What Do I Need to Know About Co-occurring Disorders?

dual diagnosis disoders

In the past, someone who abused alcohol or drugs would “go to rehab” with the expectation that they would quit drinking and doing drugs then return home and begin attending 12-Step meetings.  After the successful completion of a 28-day program, the addicted individual was, figuratively speaking, thrown to the wolves, and suggested to attend 12-Step meetings daily for the next 90-days.  The vast majority resumed their former addiction within a year’s time. 

The fact of the matter is that many of these people were not simply drinking to excess.  Many were also drinking as a solution to another mental health issue.  This other issue is called a co-occurring disorder.  Having a co-occurring disorder means the person has one or more disorders relating to the use of alcohol and/or other drugs of abuse in addition to one or more mental disorders. 

Luckily, there is a growing number of facilities and professionals skilled at treating co-occurring disorders. Individuals struggling with addiction and co-occurring issues can obtain appropriate initial treatment and long-term planning so that relapse upon return home will not look like such a certainty as in the past for this population.  Buyer beware however, as while there are competent facilities and professionals, there are also those that market themselves as co-occurring treatment facilities yet ultimately gloss over the co-occurring mental health issues.

The Importance of Accurate Diagnosis of Co-occurring Disorders

There are many combinations of substance use disorders and mental health conditions, hence numerous co-occurring diagnoses. Determining the appropriate diagnosis and subsequent treatment plan for the individual is critical to long-term recovery.  

For example, is the person purely overindulging in cocaine and alcohol, or are they also trying to compensate for symptoms of, or a diagnosis of major depressive disorder? Is their alcohol addiction related to a past trauma?  Are they addicted to heroin and barbiturates because they are also dealing with an undiagnosed personality disorder?  Are there co-addictions at play leaving a recovering alcoholic more susceptible to an eating disorder or vice versa?

In order for any treatment to be effective, the treatment team needs to know what they are dealing with.  Patients with co-occurring disorders are at much greater risk of relapse; in fact it’s more of a certainty that they will relapse if the co-occurring conditions and underlying issues are not addressed and properly treated by competent professionals.  For example, a person with a chemical dependency disorder and bipolar disorder will find it extremely difficult, if not impossible to stop using drugs without proper treatment of their bipolar disorder.  A person who experiences anxiety disorder may be able to quit drinking for a time but without proper management will likely seek a way to self-medicate as life becomes difficult.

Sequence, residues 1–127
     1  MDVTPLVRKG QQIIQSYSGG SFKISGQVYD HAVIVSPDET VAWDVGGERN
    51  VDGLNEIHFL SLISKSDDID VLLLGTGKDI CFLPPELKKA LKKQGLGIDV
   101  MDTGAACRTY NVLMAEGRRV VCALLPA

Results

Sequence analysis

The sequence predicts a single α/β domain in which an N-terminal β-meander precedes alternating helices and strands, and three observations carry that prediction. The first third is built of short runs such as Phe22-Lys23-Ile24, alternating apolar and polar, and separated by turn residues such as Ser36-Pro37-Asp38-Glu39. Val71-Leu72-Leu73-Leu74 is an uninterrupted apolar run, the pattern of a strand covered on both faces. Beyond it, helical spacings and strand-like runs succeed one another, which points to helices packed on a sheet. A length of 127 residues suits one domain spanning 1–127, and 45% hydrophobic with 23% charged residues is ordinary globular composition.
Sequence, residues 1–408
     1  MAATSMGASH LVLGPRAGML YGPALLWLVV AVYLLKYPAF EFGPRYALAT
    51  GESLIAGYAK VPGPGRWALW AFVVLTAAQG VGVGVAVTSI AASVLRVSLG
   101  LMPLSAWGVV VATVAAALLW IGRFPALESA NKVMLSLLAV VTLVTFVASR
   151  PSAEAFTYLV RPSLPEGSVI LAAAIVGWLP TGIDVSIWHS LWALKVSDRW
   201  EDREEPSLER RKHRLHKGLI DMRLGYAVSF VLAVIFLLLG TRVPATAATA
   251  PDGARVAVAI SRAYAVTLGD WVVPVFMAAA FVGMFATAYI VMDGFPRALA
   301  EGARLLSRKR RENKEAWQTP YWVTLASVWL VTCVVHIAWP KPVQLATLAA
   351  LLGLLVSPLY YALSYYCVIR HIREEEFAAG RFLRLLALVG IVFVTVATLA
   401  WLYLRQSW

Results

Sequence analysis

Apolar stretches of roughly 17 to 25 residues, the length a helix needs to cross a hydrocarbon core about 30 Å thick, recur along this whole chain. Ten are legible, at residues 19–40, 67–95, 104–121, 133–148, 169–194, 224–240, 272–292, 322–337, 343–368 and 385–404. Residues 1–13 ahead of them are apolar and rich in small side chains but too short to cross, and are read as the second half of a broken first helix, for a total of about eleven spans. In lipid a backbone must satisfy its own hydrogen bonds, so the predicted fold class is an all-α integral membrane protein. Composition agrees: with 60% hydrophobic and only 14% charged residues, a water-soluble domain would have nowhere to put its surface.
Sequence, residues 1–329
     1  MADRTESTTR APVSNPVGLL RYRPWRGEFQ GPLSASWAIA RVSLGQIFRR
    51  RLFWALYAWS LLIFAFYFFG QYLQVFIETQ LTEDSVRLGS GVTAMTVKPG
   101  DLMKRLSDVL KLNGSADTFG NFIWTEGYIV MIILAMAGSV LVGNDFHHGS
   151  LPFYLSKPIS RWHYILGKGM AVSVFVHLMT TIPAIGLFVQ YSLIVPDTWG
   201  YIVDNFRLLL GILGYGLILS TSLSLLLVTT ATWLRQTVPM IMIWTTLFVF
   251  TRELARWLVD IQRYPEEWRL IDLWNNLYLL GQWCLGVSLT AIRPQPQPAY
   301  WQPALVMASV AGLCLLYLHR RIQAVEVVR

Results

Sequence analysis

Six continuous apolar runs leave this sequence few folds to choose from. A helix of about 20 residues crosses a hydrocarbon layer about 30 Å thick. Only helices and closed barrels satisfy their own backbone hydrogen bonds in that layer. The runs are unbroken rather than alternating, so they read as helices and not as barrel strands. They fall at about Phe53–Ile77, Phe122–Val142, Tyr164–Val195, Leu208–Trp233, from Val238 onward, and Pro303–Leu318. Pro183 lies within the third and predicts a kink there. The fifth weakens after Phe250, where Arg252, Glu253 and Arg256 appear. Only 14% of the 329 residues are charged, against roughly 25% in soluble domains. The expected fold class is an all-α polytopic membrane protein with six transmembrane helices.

Dangers of Relapse and Co-occurring Disorders

Relapse for patients with co-occurring disorders can come from many angles.  If they decompensate from a mental health standpoint, they are more likely to relapse with their addiction, and vice versa. They are always vulnerable.  For this reason the old-school treatment methods (even at top-tier facilities) will not serve this population.  The expectation to stop drinking or using for 28 days, begin attending 12-Step meetings for 90 days, and merrily go on their way to a better life is simply absurd - especially for those with co-occurring disorders.   People with co-occurring disorders often require individualized assessments, longer treatment, have more crises, and progress more gradually in their recovery process.

If a co-occurring diagnosis exists, or is suspected, it is imperative to select a treatment facility and team that is experienced with co-occurring disorders.  Treatment options that are presented by an interventionist or addiction consultant should only include facilities that are skilled and capable of working with the particular (or suspected) diagnoses of the addicted individual.  Remember, not all facilities are equipped to properly assess and treat these conditions, despite how they may market themselves. 

Navigating a treatment plan when co-occurring disorders are at play can be complex and a competent professional recovery consultancy is worth every penny invested.  The differences between treatment centers should not be looked at solely on cost, location, or treatment duration, but instead on an individual level based on what facilities appear best suited to assess and initially address the combination of disorders.   With the proper care and treatment management, lasting recovery can be attained.